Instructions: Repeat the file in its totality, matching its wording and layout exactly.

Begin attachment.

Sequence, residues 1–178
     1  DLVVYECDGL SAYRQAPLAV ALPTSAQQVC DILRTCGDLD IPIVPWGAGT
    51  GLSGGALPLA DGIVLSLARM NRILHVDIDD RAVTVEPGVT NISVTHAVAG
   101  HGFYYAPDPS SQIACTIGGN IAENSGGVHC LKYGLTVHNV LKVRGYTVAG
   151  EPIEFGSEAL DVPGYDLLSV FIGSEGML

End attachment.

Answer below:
Sequence, residues 1–178
     1  DLVVYECDGL SAYRQAPLAV ALPTSAQQVC DILRTCGDLD IPIVPWGAGT
    51  GLSGGALPLA DGIVLSLARM NRILHVDIDD RAVTVEPGVT NISVTHAVAG
   101  HGFYYAPDPS SQIACTIGGN IAENSGGVHC LKYGLTVHNV LKVRGYTVAG
   151  EPIEFGSEAL DVPGYDLLSV FIGSEGML